As you can imagine, when Rolls-Royce is making eye-wateringly expensive land yachts for the world’s elite, some pretty crazy stats, facts, and stories come out of this rather unique process. And you’re not wrong. So we’ve collated some of the wildest stories we’ve heard, then had them corroborated by the carmaker itself—so there’s no fake news here, peeps.
1) The most detailed single piece of embroidery to feature in a Rolls-Royce is a Peregrine Falcon.
That’s the fastest bird in the world, for your information. The photorealistic design consists of nearly 250,000 stitches and took a team of designers, craftspeople, and engineers over one month to develop. Unfortunately, we cannot confirm or deny whether this commission was for ornithologist Bill Oddie.
2) They take no chances when it comes to protecting the brand.
The Spirit of Ecstasy—the flying lady sat up front on all Rollers—is valued so highly by the marque that there is a safe on the shop floor at Goodwood containing no more flappy mascots than necessary for one day of production. The code is known only by a small circle of craftspeople. Apparently, they’re not very ticklish either.
3) When a car is being developed, all kinds of hideous acts of abuse occur to make sure it’s fit for customers.
When your customers are the world’s elite, you need to go above and beyond. So, during extreme suspension testing of the Phantom Extended Wheelbase, the car was hit with such a knock that a seismometer was triggered more than 30km away from the Home of Rolls-Royce in Worthing, Sussex. The car was fine.
4) It takes 60 pairs of hands 400 hours to build a Rolls-Royce...
...and this can more than double depending on the complexity of a Bespoke commission. Annoyingly, octopuses can’t build Rolls-Royces to save time.
5) Temperature control includes specialized settings for fine sparkling wine, too.
Sommeliers advise that the optimum serving temperatures of non-vintage champagne is around six degrees centigrade and that of vintage champagnes is around 11 degrees Celsius. With this knowledge in mind, Rolls-Royce equips its cars with a fridge that operates two cooling modes, chilling to six degrees and 11 degrees, respectively. You don’t get that sort of service in your local bar.
6) Painting a Rolls is a bit different to shaking a rattle can and saying a prayer.
To get a mirror-like finish, five layers of paint are applied by the only robots you will find at the factory. Any hard-to-reach spots are painted by highly skilled paint experts. In total, the process of applying a flawless exterior finish takes seven days and uses over 45kg of paint.
7) Only the finest hide is used for the cabin.
A ‘bodge job’ isn’t something that’s in Rolls-Royce’s vocab. Imperfections are not tolerated at any level. So, leather is sourced from only the finest bulls, reared at high-altitude to avoid stretching and insect bites. Blemishes imperceptible to the untrained eye are rejected, with off-cut leather being passed down to the fashion industry.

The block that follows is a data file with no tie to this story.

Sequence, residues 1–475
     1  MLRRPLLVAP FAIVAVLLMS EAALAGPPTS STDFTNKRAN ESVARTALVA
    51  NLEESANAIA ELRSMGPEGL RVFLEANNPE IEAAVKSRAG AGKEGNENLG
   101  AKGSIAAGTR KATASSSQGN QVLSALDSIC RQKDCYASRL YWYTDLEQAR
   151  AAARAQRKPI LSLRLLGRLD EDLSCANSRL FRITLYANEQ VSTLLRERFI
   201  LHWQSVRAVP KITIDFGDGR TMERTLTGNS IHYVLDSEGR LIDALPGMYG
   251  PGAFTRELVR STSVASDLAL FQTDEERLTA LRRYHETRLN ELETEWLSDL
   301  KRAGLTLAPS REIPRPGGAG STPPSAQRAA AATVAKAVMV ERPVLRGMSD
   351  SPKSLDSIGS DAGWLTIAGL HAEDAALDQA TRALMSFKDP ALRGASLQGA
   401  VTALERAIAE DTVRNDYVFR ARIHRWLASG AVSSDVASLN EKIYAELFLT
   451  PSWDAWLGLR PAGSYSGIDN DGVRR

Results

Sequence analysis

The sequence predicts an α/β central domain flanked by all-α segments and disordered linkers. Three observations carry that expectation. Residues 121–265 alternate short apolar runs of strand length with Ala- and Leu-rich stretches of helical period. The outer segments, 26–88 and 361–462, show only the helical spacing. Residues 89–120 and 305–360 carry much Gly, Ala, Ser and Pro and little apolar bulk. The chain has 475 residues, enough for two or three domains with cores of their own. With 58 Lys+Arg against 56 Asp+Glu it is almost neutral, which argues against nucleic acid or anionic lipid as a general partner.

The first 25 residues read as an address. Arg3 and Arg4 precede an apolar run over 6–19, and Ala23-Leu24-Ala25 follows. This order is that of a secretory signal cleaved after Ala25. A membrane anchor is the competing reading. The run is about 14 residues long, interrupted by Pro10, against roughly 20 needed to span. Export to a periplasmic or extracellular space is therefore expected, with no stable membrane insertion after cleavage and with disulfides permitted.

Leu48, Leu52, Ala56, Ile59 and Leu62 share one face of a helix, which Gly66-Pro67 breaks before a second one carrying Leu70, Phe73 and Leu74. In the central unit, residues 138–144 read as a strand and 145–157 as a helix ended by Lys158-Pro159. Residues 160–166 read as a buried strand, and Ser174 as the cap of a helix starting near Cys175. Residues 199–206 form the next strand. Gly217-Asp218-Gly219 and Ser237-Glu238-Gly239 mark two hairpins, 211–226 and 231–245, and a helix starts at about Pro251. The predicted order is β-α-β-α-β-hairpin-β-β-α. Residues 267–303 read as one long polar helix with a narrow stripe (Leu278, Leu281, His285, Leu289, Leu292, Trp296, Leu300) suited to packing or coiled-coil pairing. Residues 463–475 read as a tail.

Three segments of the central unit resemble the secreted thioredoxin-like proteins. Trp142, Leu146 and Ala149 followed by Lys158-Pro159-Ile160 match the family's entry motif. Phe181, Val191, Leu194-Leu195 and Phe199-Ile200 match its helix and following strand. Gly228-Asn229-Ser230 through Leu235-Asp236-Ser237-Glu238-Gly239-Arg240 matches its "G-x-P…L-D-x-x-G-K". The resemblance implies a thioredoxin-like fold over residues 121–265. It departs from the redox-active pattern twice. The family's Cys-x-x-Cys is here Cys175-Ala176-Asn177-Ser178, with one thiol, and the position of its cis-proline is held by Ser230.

8) There’s no such thing as overkill as far as quality-control tests are concerned.
The anal attention to detail continues. Did you know that engineers analyze cavities with an endoscope during monsoon water tests to ensure no moisture ingress? What happens if a car fails? It’s scrapped.
9) If you want a Rolls-Royce but you live in a country without a dealer, specially trained technicians will fly to your home country to service the car.
This small band of experts have been affectionately dubbed ‘Flying Doctors’. Before you get carried away, they don’t have wings and stethoscopes around their necks.
10) Even stars aren’t out of reach in a Roller.
You may know about the marque’s ritzy Starlight Headliner. That’s the 1,340 individually handwoven optical fibers that mirror the starry sky of whatever day you choose. But in 2018, Rolls-Royce added shooting stars into the constellation. On Black Badge models, the shooting stars dart predominantly over the front occupants, as—being driver-focused—that’s where you’re encouraged to sit.
11) Remember what we said about overkill and quality-control tests?
While testing the droptop Rolls-Royce Dawn, lead test and analysis engineers were required to wear shorts so they were able to detect any drafts around their legs and feet. Oh! We forgot to mention that this testing was conducted in January in three degrees Celsius. Fresh.
12) Over 25 meters of cabling is used to transfer audio data in a Rolls-Royce.
Fiber-optic cabling is used to ensure immunity against interference. Basically, your tunes sound banging in a Roller. “Siri, play ‘Mo Money Mo Problems.’”
13) Many Rolls owners are passionate art collectors.
So, for the latest Phantom, the carmaker actually managed to turn the Phantom’s dash into a gallery space: An expanse of toughened glass runs the full width of the dashboard. You can put whatever you want in there. But every single component that makes a Phantom Gallery is painstakingly cleaned by hand inside a particle-proof Clean Room before final assembly. This takes two people two hours to complete.
NOTE: This article first appeared on TopGear.com. Minor edits have been made.